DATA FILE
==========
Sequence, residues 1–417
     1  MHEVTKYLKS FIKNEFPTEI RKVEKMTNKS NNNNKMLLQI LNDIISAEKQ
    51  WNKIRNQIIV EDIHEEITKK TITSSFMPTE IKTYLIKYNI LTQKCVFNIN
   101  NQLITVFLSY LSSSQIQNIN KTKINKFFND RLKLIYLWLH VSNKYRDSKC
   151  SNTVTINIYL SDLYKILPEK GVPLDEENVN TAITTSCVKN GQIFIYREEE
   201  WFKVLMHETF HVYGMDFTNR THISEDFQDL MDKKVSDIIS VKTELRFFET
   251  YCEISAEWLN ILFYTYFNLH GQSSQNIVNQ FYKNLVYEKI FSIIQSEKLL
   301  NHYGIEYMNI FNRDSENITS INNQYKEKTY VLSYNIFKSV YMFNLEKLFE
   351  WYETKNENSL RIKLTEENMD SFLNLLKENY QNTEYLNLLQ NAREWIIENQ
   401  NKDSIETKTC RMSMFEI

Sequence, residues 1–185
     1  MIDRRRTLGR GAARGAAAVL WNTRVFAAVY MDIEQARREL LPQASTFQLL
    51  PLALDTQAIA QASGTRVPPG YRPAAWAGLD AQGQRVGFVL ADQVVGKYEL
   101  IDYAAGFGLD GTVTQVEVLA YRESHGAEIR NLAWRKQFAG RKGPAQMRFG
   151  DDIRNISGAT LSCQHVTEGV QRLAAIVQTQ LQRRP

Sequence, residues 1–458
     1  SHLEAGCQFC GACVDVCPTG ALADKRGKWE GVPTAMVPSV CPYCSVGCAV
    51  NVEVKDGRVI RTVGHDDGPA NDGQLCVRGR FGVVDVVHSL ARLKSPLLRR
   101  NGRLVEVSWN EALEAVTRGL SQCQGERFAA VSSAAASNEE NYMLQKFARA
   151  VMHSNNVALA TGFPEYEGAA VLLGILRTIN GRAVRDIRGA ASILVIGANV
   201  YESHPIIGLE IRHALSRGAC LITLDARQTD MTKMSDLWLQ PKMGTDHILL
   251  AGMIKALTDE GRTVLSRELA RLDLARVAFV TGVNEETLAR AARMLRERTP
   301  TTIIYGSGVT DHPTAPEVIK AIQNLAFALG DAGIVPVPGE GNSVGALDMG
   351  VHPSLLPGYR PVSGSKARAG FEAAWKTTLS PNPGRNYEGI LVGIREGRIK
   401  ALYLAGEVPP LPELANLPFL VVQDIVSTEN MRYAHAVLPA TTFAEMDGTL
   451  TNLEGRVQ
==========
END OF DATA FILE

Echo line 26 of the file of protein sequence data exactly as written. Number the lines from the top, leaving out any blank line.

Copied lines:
   451  TNLEGRVQ